Hagia Sophia resurrection paves way for 'Al-Aqsa liberation', Erdogan says
President Recep Tayyip Erdogan made the comments in an Arabic statement after "resurrecting Hagia Sophia" on Friday, in a move that has divided opinions worldwide.
"The resurrection of Hagia Sophia is the footsteps of the will of Muslims across the world to come…the resurrection of Hagia Sophia is the reignition of the fire of hope of Muslims and all oppressed, wrong, downtrodden and exploited," the Turkish Presidency website said in a Turkish statement.
However, the Arabic translation of the same statement suggests Turkey's Hagia Sophia move is part of the "return of freedom to Al-Aqsa" from Israel.
A magnet for tourists worldwide, the Hagia Sophia was first constructed as a cathedral in the Christian Byzantine Empire but was converted into a mosque after the Ottoman conquest of Constantinople in 1453.
On Friday, Erdogan, who has chipped away at the Muslim-majority country's secularism, announced Muslim prayers on July 24 at the UNESCO World Heritage site, transforming the iconic landmark from a museum to a mosque after numerous attempts over the years.
Erdogan's announcement came after the cancellation of a decision under modern Turkey's secularising founder Mustafa Kemal Ataturk to preserve the church-turned-mosque as a museum.
The decision drew widespread criticism from world powers, including the US, who described disappointment, grief and dismay over the move.
"We are disappointed by the decision by the government of Turkey to change the status of the Hagia Sophia," State Department spokeswoman Morgan Ortagus said.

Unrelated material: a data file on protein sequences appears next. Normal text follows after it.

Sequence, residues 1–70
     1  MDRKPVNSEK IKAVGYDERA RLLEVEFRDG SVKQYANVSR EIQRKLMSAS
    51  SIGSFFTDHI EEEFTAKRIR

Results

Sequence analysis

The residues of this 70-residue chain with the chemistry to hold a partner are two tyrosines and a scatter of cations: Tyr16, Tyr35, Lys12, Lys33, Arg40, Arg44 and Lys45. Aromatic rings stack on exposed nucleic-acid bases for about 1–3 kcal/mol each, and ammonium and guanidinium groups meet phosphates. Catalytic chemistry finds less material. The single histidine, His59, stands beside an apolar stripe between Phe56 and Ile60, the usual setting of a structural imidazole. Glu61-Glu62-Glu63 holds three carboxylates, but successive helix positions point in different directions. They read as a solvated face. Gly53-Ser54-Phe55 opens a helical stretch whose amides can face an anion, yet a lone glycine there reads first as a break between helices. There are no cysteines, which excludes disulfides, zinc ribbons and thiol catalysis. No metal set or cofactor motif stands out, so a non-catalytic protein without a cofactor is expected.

"We understand the Turkish government remains committed to maintaining access to the Hagia Sophia for all visitors, and look forward to hearing its plans for continued stewardship of the Hagia Sophia to ensure it remains accessible without impediment for all," she said.
‘Let the chains break’
Hagia Sophia has been a museum since 1935 and open to believers of all faiths.
Transforming it from a mosque was a key reform under the new republic born out of the ashes of the Ottoman Empire.
The landmark ruling will inflame tensions not just with the West and its historic foe Greece but also Russia, with which Erdogan has forged an increasingly close partnership in recent years.
The UN's cultural agency UNESCO earlier Friday warned Turkey against converting Hagia Sophia into a mosque, urging dialogue before any decision was taken.
Ahead of the court decision, Justice Minister Abdulhamit Gul shared a picture of Hagia Sophia on his official Twitter account, with a message: "Have a good Friday."
Finance Minister Berat Albayrak, Erdogan's son-in-law, tweeted that Hagia Sophia would be reopened to Muslim worship "sooner or later", referring to a quote from Turkish poet Necip Fazil Kisakurek.
Read more: Hagia Sophia conversion plan comes at testing times for Turkey's Erdogan
The Council of State had on July 2 debated a case brought by a Turkish group - the Association for the Protection of Historic Monuments and the Environment, which demanded Hagia Sophia be reopened for Muslim prayers.
Since 2005, there have been several attempts to change the building's status. In 2018, the Constitutional Court rejected one application.
Despite occasional protests outside the site by Islamic groups, often shouting, "Let the chains break and open Hagia Sophia" for Muslim prayers, authorities had until now kept the building as a museum.